City Noir is a symphony inspired by the peculiar ambience and mood of Los Angeles ‘noir’ films, especially those produced in the late forties and early fifties. It is an homage not only to the film music of that period but also to the overall aesthetic of the era with its scurrying strings and winds, ominous brass chords and syncopated jazz drumming. It is the third in a triptych of orchestral works that have as their theme the California experience, its landscape and its culture.
Sibelius dearly wanted to be a great violin virtuoso, and his concerto more than proves his love for the instrument. He opposes rather than meshes solo and orchestra in a succession of wonderful melodies until reaching a giddying climax of syncopated brilliance. At times dreamy and reflective and at others turbulent and darkly passionate, it is full of technical prowess – a deep and gritty orchestral exploration from darkness into light.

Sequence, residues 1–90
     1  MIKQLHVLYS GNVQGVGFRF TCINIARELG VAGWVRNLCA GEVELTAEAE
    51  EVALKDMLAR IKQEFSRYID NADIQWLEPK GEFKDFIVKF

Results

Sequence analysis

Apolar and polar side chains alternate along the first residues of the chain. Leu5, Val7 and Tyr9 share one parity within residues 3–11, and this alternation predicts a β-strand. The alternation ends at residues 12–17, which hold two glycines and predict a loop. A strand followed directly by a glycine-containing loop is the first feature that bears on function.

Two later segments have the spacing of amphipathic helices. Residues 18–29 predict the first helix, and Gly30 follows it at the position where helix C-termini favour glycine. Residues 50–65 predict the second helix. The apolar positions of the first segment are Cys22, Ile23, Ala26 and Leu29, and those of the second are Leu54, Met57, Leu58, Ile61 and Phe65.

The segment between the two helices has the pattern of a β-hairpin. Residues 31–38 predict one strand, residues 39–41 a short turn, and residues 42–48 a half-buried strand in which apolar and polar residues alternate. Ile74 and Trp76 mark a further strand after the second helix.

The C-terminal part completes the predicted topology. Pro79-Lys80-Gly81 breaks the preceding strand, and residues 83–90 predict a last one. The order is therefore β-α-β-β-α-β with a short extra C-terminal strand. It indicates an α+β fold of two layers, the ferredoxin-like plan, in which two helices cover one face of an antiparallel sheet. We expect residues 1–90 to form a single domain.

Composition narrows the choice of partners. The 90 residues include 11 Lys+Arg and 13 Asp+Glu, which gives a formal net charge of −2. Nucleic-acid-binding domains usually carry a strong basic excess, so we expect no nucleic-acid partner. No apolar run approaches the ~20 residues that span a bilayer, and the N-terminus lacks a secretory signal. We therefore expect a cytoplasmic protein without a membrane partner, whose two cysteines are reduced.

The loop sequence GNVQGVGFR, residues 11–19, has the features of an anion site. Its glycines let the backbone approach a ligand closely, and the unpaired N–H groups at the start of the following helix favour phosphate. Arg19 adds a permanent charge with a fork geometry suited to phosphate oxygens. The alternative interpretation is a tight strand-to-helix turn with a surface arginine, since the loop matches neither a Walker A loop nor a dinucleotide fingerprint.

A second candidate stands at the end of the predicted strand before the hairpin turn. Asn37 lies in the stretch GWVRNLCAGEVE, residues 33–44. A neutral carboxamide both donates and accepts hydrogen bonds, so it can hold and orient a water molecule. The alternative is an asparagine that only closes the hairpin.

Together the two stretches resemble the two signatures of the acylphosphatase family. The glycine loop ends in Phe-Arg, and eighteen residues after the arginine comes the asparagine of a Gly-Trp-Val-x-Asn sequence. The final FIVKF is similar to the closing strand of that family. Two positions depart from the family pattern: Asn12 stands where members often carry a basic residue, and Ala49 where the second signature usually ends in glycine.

Described as “the climax of the spiritual experience of a lifetime”, Sibelius’ last symphony shines with a unique radiance. Written as one seamless tapestry of interrelated motifs, it is like a giant rondo – the culmination of a lifetime of work in the direction of concision, compression and organic unity within symphonic form.